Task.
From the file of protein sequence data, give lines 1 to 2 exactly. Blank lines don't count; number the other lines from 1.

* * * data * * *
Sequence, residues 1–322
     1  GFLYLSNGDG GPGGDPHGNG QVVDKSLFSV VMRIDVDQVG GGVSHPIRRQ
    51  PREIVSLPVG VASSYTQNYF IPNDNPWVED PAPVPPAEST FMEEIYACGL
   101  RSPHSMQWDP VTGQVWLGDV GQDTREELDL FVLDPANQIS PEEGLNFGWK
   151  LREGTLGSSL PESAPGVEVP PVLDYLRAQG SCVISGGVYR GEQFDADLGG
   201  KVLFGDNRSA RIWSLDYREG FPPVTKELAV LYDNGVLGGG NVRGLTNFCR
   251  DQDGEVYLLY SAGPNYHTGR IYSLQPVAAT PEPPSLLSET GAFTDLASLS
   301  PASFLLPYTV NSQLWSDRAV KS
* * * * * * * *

Sequence, residues 1–322
     1  GFLYLSNGDG GPGGDPHGNG QVVDKSLFSV VMRIDVDQVG GGVSHPIRRQ